In a significant input for the growing debate on global climate change, a study by researchers at the Dehradun-based Wadia Institute of Himalayan Geology (WIHG) has found that there is a remarkable increase in the concentration of black carbon in the atmosphere near the pilgrim town of Gangotri in Uttarakhand during the two annual tourist seasons of April to June and during September and October.
The study conducted at the all-weather real-time black carbon monitoring station at Chilbasa near the Gangotri Glacier, 12 km from the temple town has found that concentration of the aerosol peaked during May. The black carbon content was in two forms: gaseous aerosol formed due to the burning of fuelwood and other biomass and elemental aerosol generated from exhausts of automobiles, petrol and diesel-based electricity generators and kerosene and LPG stoves.
The black carbon concentration due to biomass burning was as high as 1,889 nanogram per cu.m and that due to automobiles and other sources 1,180 nanogram per cu.m. The amount was almost 10 times the concentrations of 168 nanograms per cu.m. and 123 nanograms per cu.m. recorded during August, when black carbon content in the atmosphere was found to be at the minimum.
In a report published in the latest issue of the science journal Current Science, Dr Pyar Singh Negi, a scientist in the research group on Geomorphology and Environmental Geology at the Institute noted, “The observed higher concentration of BC during summer season is bound to accelerate atmospheric warning that adversely affects the ecosystem and the associated resources in the sensitive and ecologically fragile Himalayan region.”
Urging for the implementation of sustainable and eco-friendly measures to reduce the generation of aerosol, he pointed out that even a change of one-degree Celsius in temperature may result in a significant decrease in the snow cover area along with the loss of habitat for important fauna and flora. “A decrease in snow cover area near the snowline and an increase in the forest area near the treeline have already been reported in the area as well as in the Himalayan region,” he added.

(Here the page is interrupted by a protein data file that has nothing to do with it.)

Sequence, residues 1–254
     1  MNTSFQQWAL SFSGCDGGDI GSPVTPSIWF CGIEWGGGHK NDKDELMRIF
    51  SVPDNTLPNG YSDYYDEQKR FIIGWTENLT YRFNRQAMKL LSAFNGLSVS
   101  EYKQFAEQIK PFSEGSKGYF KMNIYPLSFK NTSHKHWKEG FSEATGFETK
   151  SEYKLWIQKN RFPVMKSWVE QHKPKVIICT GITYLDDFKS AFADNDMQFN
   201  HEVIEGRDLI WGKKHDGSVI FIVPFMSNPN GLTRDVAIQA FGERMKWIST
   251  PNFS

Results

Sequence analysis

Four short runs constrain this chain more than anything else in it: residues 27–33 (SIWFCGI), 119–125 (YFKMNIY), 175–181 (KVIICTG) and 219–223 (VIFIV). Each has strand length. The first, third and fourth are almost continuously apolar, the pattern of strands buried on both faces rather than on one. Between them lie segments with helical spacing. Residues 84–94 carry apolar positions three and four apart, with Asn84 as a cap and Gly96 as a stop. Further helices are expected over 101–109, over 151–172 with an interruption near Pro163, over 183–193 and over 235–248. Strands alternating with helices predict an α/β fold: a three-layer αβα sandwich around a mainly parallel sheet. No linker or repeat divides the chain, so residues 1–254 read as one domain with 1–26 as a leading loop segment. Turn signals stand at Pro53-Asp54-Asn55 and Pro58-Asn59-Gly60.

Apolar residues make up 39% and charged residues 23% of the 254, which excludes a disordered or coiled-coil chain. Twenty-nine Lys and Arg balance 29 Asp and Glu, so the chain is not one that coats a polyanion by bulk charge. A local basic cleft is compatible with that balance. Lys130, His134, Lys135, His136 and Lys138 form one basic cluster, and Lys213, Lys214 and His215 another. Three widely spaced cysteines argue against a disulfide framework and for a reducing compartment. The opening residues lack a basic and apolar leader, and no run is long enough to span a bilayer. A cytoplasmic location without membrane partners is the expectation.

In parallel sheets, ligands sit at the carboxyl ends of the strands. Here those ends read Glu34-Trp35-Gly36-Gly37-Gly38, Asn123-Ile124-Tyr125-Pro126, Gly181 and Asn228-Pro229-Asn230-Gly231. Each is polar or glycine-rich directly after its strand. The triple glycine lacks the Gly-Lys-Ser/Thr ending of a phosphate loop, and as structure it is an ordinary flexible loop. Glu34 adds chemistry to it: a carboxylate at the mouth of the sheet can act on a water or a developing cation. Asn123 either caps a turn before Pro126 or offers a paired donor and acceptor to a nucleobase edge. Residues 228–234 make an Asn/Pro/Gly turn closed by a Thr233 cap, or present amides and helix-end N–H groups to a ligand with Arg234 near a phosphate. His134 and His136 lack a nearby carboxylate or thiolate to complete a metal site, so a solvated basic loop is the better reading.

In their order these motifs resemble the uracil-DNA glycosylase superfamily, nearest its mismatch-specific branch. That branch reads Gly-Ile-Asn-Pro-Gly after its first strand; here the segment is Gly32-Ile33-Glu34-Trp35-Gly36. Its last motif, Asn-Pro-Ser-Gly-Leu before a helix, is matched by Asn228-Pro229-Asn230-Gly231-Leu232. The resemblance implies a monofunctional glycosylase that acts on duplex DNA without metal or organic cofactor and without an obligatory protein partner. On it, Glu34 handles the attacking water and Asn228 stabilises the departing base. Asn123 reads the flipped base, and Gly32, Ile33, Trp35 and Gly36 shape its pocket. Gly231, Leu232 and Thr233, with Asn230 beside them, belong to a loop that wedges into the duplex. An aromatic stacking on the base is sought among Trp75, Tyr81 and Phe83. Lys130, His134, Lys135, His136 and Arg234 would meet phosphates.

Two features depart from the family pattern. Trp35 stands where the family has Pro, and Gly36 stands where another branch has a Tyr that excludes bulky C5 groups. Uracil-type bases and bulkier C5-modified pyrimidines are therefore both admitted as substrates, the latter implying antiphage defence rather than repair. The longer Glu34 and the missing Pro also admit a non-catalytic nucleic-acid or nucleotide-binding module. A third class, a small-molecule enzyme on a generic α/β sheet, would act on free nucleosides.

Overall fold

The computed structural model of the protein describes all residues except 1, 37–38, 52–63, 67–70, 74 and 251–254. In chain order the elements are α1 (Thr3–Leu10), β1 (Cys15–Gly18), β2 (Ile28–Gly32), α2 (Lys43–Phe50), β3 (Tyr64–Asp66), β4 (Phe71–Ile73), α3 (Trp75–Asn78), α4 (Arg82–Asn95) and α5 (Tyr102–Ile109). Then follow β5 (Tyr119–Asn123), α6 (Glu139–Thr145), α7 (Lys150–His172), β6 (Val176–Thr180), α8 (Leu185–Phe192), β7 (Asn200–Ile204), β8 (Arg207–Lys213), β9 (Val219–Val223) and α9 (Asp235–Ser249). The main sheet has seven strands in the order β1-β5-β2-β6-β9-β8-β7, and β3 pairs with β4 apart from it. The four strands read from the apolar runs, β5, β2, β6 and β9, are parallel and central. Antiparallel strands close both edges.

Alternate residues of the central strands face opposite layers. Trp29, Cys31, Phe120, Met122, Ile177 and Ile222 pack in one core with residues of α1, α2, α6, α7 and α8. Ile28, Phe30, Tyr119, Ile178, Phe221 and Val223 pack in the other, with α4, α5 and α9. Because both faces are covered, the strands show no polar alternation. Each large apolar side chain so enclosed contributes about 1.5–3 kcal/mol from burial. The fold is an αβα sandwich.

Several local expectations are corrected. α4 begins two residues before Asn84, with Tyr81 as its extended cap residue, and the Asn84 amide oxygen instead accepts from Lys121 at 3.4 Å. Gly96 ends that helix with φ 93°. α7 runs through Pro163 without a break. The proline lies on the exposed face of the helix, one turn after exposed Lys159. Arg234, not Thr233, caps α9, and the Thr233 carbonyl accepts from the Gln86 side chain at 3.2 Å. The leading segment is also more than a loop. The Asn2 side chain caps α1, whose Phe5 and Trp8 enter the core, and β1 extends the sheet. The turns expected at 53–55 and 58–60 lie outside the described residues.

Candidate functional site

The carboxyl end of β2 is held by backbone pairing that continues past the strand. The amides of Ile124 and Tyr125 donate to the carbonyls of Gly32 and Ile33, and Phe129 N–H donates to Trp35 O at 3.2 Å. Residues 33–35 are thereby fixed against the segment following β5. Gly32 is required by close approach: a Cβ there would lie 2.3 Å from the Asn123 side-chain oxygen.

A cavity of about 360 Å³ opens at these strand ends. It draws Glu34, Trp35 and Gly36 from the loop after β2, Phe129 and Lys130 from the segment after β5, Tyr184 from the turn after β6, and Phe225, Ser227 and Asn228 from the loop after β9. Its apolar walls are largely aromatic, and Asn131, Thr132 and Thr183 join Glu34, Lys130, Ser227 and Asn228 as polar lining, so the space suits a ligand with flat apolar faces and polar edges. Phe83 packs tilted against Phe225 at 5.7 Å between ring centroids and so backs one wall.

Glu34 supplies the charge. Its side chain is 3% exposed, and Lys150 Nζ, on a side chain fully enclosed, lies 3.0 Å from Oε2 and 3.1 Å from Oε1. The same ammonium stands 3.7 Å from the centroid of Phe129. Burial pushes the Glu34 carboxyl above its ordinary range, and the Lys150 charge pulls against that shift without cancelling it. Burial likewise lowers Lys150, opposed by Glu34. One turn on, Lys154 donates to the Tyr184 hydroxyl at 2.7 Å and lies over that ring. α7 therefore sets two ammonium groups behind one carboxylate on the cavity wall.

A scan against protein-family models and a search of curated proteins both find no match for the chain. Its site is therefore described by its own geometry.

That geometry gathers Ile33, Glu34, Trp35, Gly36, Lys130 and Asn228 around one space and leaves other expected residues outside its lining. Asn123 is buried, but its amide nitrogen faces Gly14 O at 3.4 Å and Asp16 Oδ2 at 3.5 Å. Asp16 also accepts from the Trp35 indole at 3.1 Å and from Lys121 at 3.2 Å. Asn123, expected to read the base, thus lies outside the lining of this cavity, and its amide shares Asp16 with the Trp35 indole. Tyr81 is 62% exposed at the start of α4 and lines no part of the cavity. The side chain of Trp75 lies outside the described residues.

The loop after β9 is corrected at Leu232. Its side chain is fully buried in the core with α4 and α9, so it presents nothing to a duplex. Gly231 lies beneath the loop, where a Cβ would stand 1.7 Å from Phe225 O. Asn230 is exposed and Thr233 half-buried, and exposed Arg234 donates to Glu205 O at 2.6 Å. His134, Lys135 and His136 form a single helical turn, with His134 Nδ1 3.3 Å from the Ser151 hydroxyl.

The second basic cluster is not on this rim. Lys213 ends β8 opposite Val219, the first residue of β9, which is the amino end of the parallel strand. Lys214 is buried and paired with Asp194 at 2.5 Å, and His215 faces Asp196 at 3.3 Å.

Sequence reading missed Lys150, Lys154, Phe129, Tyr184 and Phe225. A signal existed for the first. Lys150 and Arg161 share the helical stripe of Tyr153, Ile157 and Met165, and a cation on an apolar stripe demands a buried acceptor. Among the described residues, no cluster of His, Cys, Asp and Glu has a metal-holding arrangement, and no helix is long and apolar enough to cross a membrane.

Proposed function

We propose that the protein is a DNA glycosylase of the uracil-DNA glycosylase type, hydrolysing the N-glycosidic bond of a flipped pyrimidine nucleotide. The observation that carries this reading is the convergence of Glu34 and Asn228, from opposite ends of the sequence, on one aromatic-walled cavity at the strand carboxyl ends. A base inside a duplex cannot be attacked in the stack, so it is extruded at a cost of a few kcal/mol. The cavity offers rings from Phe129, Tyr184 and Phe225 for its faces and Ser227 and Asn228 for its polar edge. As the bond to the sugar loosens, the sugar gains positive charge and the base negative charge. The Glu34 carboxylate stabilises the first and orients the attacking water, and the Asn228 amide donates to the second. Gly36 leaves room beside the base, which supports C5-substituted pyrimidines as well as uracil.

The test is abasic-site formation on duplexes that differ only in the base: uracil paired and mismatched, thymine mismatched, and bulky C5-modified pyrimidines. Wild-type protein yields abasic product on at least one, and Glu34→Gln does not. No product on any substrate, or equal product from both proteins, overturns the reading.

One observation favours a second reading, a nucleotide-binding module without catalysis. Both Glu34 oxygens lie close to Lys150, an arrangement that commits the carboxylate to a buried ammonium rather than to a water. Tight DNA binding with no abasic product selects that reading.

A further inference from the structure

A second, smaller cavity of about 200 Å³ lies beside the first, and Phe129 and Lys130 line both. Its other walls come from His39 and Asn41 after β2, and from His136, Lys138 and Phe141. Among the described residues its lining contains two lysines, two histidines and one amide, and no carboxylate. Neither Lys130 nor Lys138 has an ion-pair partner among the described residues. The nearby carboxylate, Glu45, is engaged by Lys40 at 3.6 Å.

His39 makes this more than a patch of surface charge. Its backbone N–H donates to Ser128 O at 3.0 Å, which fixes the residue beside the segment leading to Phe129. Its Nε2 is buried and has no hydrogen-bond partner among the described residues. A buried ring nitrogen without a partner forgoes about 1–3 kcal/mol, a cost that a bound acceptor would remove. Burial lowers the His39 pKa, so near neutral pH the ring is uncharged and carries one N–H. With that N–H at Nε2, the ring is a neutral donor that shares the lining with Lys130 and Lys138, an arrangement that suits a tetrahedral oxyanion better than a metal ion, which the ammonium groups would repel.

Aerosols play an important role in climate change processes. Among the various aerosols, black carbon has been recognised as the second most important anthropogenic agent that requires to be taken care of, especially for the atmospheric warming.
The increasing concentration of black carbon in the atmosphere has now become a matter of serious concern, especially in the high Himalayan glaciated region that has the most vulnerable ecosystem. The region encompasses various important natural resources such as glaciers, snow, and alpine flora and fauna that are essential for various ecosystem services, including recharging the rivers and freshwater springs. In addition, it provides livelihood to millions of its inhabitants as well as the downstream population. Any change in the atmospheric composition of the high Himalayan region due to black carbon and other aerosols is bound to influence the natural resources and their associated contribution to ecological services and socio-economic activities of large populations.
The study was conducted based on the data collected between January and December 2016. The station itself has been set up only recently. The WIHG has established it along with another in Bhojbasa, about five km away as part of a project to have a long-term monitoring of black carbon aerosol in the high Himalayan region. The Chilbasa station is at an altitude of 3,600 m, close to the tree line ecozone and the one at Bhojbasa is at an altitude of 3,800 m, close to the snowline. Solar power systems provide continuous power supply to the stations. Special insulation boxes are used to provide suitable operating temperature and protect the underground batteries from power discharge due to extremely low temperatures during winters. Temperatures ranging from minus 34 to minus 37 degrees Celsius have been recorded there. (India Science Wire)